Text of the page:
3 – 1ml Brinkman reagent dispensers
Fisher Scientific UV Longwave Pencil Lamp, 365 nm and power supply, 115 VAC
2 Metrohm Dosimat 665 Automatic Burets
10ml Metrohm Dosimat Exchange unit
1ml Metrohm Dosimat Exchange unit
Metrohm Dosimat Keypad
Spare 1ml and 10ml dispensor pistons for the Metrohm Dosimat Exchange units
Scripps/STS Auto-titrator Unit and Software
Waterproof sampling thermometer
Concentrated Sulfuric Acid, H2SO4, ACS Grade
Manganous Chloride Tetrahydrate, MnCl2•4H20, ACS Grade
Sodium Hydroxide, NaOH, ACS Grade
Sodium Thiosulfate, Na2S2O3•5H20, ACS Grade
Potassium Iodate, Dry high purity KIO3, Alfa Aesar
Granular Sodium Iodide, EMD Chemicals via VWR
Magnetic Stir Bars
Anderson, G. C., compiler, 1971. “Oxygen Analysis,” Marine Technician’s Handbook, SIO Ref. No. 71-8, Sea Grant Pub. No. 9.
Carpenter, J. H., 1965. The Chesapeake Bay Institute technique for the Winkler dissolved oxygen method. Limnol. Oceanogr., 10: 141-143.
Culberson, C. H. 1991. Dissolved oxygen. WHP Operations and Methods — July 1991.
Parsons, T. R., Y. Maita, C. M. Lalli, 1984. A Manual of Chemical and Biological Methods for Seawater Analysis. Pergamon Press Ltd., 3-28.
Summary: The phytoplankton macro nutrients nitrate, nitrite, silicate, and phosphate in seawater are analyzed using colorimetric assays. Ammonium concentrations are determined using a fluorometric assay.
Nutrient analysis is performed on a QuAAtro continuous segmented flow autoanalyzer (SEAL Analytical). A sample of seawater enters a reagent stream within a manifold on the analyzer where it undergoes a series of reactions that ultimately produce a colored compound. These compounds absorb light at a specific wavelength. A monochromatic beam of light is passed through the sample and the absorbance is measured. The machine is calibrated with a series of known standards and a standard curve is produced. The intensity of the color produced by the unknown sample is proportional to the concentration of the analyte present. The product of the ammonia method is a fluorescent species; however the same basic principle applies, where the intensity of the fluorescence is directly related to concentration. The methods for silicate and total oxidized nitrogen (TON) are modified versions of those described by used Armstrong et al. (1967) and Gordon et al. (1992). The phosphate determination employs a modification of the method described by Murphy and Riley (1962), and ammonia is analyzed based on the Kerouel and Aminot (1997) fluorometric method.
2. Method Description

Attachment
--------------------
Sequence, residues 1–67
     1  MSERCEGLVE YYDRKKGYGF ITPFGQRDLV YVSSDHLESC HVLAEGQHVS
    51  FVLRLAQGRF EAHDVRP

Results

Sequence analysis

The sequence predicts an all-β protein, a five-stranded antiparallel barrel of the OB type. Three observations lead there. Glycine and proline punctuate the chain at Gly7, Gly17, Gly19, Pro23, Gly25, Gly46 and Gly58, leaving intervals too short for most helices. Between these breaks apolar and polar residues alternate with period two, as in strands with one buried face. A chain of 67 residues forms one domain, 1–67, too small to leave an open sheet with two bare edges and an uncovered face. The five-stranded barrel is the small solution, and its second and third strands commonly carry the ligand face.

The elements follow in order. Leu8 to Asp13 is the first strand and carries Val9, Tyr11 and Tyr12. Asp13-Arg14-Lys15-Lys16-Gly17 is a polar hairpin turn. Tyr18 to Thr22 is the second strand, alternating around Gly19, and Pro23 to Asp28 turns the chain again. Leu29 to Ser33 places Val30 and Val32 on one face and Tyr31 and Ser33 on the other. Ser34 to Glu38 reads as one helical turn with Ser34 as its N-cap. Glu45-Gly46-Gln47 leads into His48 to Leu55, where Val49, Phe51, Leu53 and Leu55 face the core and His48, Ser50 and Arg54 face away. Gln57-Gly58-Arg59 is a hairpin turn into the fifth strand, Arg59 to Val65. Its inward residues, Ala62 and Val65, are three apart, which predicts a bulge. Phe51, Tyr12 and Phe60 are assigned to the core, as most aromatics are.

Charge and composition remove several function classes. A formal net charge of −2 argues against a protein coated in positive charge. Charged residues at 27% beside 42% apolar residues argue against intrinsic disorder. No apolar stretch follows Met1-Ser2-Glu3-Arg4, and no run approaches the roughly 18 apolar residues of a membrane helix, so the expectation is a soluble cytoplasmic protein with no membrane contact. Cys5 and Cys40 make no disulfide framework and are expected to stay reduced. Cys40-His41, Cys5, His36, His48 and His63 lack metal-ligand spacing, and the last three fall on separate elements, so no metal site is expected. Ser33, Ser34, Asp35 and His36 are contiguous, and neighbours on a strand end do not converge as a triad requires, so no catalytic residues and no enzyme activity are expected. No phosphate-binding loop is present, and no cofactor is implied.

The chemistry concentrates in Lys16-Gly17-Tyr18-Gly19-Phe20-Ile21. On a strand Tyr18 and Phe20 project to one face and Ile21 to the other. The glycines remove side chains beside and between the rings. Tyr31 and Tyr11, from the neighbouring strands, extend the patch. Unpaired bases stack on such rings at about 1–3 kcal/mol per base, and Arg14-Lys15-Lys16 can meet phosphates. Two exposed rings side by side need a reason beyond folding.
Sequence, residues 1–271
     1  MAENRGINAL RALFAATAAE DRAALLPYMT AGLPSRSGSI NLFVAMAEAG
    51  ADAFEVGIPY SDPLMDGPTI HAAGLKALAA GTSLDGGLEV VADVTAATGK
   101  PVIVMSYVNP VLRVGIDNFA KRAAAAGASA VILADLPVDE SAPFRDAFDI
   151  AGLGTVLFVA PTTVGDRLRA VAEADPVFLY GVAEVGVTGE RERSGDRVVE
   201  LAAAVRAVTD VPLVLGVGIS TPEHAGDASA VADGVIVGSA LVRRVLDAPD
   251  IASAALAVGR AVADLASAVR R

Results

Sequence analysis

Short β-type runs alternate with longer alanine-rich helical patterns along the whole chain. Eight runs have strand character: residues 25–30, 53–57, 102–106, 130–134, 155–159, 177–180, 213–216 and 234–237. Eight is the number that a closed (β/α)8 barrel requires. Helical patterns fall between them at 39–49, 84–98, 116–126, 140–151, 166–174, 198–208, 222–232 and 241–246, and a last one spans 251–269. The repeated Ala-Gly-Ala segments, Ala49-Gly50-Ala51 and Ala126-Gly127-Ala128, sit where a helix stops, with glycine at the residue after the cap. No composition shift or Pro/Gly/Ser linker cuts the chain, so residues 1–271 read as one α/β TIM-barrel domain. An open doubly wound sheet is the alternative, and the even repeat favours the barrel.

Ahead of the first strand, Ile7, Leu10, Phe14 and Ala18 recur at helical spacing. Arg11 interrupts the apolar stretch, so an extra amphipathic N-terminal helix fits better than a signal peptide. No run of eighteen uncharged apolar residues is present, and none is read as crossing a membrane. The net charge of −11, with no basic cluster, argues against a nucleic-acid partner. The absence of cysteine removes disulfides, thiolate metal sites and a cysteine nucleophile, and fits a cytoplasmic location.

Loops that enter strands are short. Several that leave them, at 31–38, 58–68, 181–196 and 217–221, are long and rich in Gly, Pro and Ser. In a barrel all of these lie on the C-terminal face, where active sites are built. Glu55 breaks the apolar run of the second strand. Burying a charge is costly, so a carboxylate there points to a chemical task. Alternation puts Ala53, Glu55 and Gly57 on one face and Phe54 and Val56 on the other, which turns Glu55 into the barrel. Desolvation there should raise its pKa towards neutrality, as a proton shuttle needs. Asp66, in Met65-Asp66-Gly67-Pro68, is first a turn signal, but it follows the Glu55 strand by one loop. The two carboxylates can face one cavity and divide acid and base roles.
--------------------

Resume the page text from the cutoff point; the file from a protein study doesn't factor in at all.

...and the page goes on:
Silicate is analyzed using a modified technique of Armstrong (1967). An acidic solution of ammonium molybdate is added to a seawater sample to produce silicomolybdic acid which is then reduced to a blue silicomolybdous acid following the addition of ascorbic acid. The amount of blue color produced is proportional to the amount of dissolved reactive silicate in the sample. Oxalic acid is added to inhibit PO4 color interference. The sample is passed through a 10mm flow cell and the absorbance is measured at 820nm.
Nitrate and Nitrite (NO3 and NO2)
A modification of the Armstrong (1967) procedure is used for the analysis of nitrate plus nitrite, or total oxidized nitrogen (TON). For this analysis, the seawater sample is passed through a cadmium reduction coil where nitrate is reduced to nitrite. The efficiency of this reduction is determined by running two equimolar solutions, one containing only nitrate and one containing only nitrite, through the coil. The percent of nitrate converted to nitrite yields the coil efficiency, a factor used to calculate the nitrate concentration. Sulfanilamide is introduced to the sample stream followed by N-(1-naphthyl) ethylenediamine dihydrochloride which complexes with nitrite to form a red azo dye. The stream is then passed through a 10 mm flowcell and the absorbance measured at 520nm.
The same method is employed for nitrite analysis, except the cadmium column is not present. Consequently, only nitrite already present in the sample is measured.
The nitrate concentration is calculated on a “virtual channel” by the following equation, using the coil efficiency, TON, and NO2:
NO3=Nitrate (in sample)
NO2= Nitrite (in sample)
TON=Total oxidized nitrogen (NO3+NO2) in sample
A= NO3 concentration in mixed calibrant
B= NO2 concentration in mixed calibrant
Recovery = Coil efficiency (expressed as a decimal)
Phosphate is analyzed using a modification of the Murphy and Riley (1962) technique. Similar to the silicate method, an acidic solution of ammonium molybdate is added to the sample to produce phosphomolybdic acid that is subsequently reduced to blue phosphomolybdous acid following the addition of ascorbic acid. Color intensity is directly related to the concentration of dissolved phosphate in the sample. The reaction product is then passed through a 10mm flow cell and the absorbance measured at 880nm.
Ammonia is measured fluorometrically using a modification of the method described by Kerouel and Aminot (1997). In the presence of a borate buffer, samples are reacted with o-pthalaldehyde (OPA) to form a fluorescent complex that is excited at 370nm and emits at 460nm. The reaction takes place at 75°C. Sodium sulfite is added to the working reagent to reduce sensitivity to dissolved amino acids.
3. Method Notes
Ammonium is a difficult parameter to measure accurately due to its insidious nature and problems with contamination. Phosphorus and nitrogen compounds are also potential sources of contamination with poor sampling technique. Care must be taken during sampling to insure there is no contamination (e.g. touching the inside of the tube or the cap with fingers, smoking near rosette).